The Place of G. F. Stout’s “Thought and Language” (1891) in the History of English Semantics
This article is intended to fill a gap in the history of semantics and the history of the psychology of language in England at the turn of the 19th to the 20th century. The work of the psychologist and philosopher George Frederick Stout (1860–1944) is analysed, focusing on an article on ‘thought and language’, published in 1891. In this article Stout proposes a new theory and typology of signs – his contribution to semiotics. He also puts forward a new definition of language as a system of signs and an instrument of communication. Finally, he develops a new conception of word meaning, sentence meaning and meaning in discourse, based on the notion of ‘apperception’. He compares his concept of meaning and meaning change with that of Hermann Paul and uses it to criticize the latters definitions of usual and occasional meaning.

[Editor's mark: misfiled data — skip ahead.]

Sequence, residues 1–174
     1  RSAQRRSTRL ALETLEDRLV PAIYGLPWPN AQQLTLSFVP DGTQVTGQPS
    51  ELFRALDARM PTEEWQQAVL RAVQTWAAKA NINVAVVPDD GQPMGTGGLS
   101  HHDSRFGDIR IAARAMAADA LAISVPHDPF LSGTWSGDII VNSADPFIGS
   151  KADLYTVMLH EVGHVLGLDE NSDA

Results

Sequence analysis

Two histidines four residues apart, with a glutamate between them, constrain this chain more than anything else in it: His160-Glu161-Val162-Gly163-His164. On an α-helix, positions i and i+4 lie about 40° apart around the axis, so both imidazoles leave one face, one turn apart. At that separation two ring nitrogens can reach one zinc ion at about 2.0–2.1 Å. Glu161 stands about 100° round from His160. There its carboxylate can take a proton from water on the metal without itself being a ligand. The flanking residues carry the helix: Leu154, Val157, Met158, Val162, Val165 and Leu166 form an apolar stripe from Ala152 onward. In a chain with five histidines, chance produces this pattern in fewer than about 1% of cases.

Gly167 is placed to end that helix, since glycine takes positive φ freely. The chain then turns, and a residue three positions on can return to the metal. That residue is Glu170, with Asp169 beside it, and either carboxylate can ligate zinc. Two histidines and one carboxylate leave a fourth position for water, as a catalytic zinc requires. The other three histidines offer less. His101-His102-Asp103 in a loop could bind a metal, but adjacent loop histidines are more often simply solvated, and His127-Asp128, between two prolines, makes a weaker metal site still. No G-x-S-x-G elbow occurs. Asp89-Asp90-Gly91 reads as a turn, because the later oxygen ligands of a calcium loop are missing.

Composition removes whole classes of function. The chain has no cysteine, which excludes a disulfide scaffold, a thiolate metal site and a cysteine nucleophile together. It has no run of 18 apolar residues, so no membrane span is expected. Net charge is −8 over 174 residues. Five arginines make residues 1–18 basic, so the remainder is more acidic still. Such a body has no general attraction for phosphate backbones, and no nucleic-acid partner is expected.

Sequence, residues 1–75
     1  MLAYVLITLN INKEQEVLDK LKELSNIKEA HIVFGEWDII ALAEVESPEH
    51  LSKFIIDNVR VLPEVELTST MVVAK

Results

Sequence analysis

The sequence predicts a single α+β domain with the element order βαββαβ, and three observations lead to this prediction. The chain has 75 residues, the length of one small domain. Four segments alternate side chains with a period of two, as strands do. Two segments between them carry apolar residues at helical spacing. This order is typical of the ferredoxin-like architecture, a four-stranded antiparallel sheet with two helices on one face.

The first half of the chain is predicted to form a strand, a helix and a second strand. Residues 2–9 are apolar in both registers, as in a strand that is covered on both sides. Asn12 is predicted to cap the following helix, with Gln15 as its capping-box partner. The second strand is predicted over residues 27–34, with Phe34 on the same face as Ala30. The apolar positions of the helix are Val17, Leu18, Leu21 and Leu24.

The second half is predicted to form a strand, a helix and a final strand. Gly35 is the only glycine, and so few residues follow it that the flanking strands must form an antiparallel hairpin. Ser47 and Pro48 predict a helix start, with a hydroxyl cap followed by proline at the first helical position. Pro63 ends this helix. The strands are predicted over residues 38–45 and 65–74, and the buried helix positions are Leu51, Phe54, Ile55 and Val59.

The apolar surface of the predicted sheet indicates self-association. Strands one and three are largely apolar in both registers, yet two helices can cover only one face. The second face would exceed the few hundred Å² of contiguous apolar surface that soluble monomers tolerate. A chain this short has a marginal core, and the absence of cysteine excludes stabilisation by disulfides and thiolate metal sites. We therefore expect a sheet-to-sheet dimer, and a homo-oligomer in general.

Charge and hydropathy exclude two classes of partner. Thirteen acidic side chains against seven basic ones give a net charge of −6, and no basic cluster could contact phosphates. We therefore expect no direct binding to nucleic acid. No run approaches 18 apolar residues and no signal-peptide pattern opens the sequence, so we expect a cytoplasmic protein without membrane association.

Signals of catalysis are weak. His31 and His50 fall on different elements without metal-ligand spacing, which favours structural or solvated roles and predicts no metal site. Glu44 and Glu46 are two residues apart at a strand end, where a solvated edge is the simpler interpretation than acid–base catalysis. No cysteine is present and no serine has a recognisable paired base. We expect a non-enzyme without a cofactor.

Published online: 01 January 1991
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The New Encyclopaedia Britannica